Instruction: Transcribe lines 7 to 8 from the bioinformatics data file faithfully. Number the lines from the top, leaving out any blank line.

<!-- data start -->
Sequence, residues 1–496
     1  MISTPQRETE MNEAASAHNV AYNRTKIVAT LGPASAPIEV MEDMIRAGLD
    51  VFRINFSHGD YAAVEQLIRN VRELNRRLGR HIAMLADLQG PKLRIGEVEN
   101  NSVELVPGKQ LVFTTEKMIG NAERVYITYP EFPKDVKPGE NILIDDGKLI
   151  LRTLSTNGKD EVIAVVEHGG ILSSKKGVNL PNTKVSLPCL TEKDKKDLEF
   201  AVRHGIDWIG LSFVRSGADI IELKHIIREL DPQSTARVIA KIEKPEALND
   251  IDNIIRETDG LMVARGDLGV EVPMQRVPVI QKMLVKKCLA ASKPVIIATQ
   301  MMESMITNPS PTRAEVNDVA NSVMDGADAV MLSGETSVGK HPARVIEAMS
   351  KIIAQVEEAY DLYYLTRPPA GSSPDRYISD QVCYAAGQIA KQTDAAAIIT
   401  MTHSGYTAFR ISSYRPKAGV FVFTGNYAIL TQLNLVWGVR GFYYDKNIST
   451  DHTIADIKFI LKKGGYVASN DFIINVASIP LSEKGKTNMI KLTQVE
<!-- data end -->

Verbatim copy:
   251  IDNIIRETDG LMVARGDLGV EVPMQRVPVI QKMLVKKCLA ASKPVIIATQ
   301  MMESMITNPS PTRAEVNDVA NSVMDGADAV MLSGETSVGK HPARVIEAMS